lunes, 29 de junio de 2020

Q&A with Darrel Wijaya, creator of The Revenant Prince


Amongst the many indie RPGs that got a spotlight in the past few weeks, in sparse events covering the cancellation of E3 2020, The Revenant Prince particularly caught our attention, a title that boasts an enduringly classic aesthetic pairing it with an extremely serious subject matter and overall story in which our main character can manipulate the flow of time and make several crucial choices in his path. 

And so, we are glad to have the opportunity to ask its creator, Darrel Wijaya (from Nomina Games, in Jakarta, Indonesia) a handful of questions about it. Thanks to Plan of Attack bridging us together, we get a snapshot of this project that started development back in 2015, and is being worked on by freelancers all over the globe. It's a rare window at the issues an indie developer might face in a country with a scene still going through the stages of asserting itself, showcasing once more that talent and will render moot the perceived limits of established blocks of development in Japan, North America, and Europe.

This is what he explained us about his game:


Destino RPG: Greetings and thanks for answering our questions. First of all, for those who do not know much about the game: how would you describe The Revenant Prince?

Darrel Wijaya: To put it simply, it’s perhaps a game of pure irreversible consequence! A story of a man guided by a mysterious voice to fulfill some strange destiny. The player will find out more as the game progresses, primarily the interesting out-of-the-blue twists that lie ahead.But other than that, it’s a pretty quirky game where exploration is highly encouraged. (Tons of easter eggs)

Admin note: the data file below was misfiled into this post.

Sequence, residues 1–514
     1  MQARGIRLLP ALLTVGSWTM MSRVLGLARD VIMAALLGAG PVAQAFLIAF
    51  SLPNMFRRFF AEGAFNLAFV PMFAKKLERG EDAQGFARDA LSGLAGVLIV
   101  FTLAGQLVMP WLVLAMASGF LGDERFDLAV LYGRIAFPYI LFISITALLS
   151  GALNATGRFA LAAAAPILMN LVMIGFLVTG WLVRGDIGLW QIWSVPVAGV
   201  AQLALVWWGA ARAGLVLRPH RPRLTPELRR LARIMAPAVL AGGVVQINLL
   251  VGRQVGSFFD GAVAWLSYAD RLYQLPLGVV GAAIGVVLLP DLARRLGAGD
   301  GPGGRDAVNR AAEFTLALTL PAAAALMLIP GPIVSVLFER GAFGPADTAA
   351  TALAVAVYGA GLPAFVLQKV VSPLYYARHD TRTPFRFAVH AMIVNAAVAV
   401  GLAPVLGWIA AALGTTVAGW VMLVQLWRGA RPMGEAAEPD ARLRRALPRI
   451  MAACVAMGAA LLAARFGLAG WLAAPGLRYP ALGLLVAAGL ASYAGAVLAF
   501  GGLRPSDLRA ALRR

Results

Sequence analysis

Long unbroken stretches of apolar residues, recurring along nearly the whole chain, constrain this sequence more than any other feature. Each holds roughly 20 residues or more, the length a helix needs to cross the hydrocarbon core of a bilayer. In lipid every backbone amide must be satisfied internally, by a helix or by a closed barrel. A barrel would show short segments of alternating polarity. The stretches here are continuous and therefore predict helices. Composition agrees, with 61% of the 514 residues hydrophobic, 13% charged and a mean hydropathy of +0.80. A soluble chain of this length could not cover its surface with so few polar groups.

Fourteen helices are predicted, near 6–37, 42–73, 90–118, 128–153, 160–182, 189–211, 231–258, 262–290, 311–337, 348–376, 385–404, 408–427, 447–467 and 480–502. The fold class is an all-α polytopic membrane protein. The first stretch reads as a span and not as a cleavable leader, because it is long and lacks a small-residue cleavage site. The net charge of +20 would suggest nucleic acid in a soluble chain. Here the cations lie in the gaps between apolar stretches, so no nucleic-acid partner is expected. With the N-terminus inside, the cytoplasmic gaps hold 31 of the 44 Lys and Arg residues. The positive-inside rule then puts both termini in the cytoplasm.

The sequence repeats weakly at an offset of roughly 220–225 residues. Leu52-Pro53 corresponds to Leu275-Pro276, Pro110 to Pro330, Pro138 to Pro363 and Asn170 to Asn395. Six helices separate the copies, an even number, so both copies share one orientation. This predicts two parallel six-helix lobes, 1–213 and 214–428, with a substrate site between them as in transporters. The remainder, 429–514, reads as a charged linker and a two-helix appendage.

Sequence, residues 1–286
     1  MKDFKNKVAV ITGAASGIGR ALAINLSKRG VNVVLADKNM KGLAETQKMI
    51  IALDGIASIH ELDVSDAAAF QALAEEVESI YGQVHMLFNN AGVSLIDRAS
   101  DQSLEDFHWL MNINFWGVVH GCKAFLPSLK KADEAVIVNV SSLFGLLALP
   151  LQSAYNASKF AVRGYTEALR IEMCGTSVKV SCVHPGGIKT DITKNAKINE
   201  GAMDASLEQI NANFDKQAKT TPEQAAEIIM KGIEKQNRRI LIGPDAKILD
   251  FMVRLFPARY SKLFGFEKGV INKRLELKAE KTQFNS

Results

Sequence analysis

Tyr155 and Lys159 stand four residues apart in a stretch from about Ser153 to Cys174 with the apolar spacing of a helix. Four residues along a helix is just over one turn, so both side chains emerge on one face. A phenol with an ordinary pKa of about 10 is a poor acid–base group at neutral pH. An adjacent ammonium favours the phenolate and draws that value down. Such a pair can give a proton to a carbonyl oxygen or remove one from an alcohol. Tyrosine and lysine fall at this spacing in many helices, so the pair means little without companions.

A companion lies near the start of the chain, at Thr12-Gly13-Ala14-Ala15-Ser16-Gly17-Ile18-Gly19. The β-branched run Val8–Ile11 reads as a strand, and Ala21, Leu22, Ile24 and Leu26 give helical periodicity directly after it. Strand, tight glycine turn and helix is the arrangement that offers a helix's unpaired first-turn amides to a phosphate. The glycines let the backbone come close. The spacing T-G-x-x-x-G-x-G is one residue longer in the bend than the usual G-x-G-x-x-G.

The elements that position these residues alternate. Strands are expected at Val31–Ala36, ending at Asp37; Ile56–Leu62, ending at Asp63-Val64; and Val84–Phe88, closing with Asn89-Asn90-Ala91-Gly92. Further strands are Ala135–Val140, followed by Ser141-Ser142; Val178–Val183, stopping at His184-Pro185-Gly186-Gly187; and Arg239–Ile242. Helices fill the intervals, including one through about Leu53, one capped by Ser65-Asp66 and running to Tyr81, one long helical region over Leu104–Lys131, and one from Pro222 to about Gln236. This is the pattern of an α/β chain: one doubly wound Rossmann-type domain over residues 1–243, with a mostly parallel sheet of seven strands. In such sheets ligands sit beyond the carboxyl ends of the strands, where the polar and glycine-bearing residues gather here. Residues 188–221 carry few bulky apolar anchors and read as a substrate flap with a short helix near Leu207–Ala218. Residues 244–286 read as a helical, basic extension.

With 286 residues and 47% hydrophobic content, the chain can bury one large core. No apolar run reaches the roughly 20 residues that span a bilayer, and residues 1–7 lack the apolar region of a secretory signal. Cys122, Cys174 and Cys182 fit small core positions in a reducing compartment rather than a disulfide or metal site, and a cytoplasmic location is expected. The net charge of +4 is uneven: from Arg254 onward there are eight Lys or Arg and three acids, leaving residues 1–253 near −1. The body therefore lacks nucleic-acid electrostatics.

Where did the core idea for the game come from? Why did you choose this particular setting?

Core idea was initially just an idea I’ve developed over time, but it was something that stemmed from old fantasy games from the PlayStation 2 era. I chose this particular setting as a means to also encourage the player to explore and try a lot out. The game primarily instills wonder and it beckons players to do a lot of ‘what if’s’.

I believe the subtleties and the small nuances make all the differences in a game like this, but that’s just my opinion. I feel that a lot of RPGs are clean cut and linear, I wanted to do something a little more different that offers more to do in various small ways.

Final Fantasy VI, Secret of Mana, Undertale, To the Moon... there are a lot of titles that often come up as references or inspiration for games like these. What elements would you say would be familiar to people coming from those titles in The Revenant Prince? Do you think it will benefit or impair the perception of the game to be measured against some of the best titles of the industry?

I feel that some familiar elements would stem from its NPCs. A lot of the older RPGs we see have NPCs that say some really interesting things, but the NPCs i’ve designed are also littered with cryptic messages and hidden lore, this encourages players to map out what is really going on in the game. That element of curiosity I believe would create a more intriguing atmosphere for players overall. But also, the talking monsters and the spare system is something I had envisioned because I feel that players can do a lot of what if’s if need be.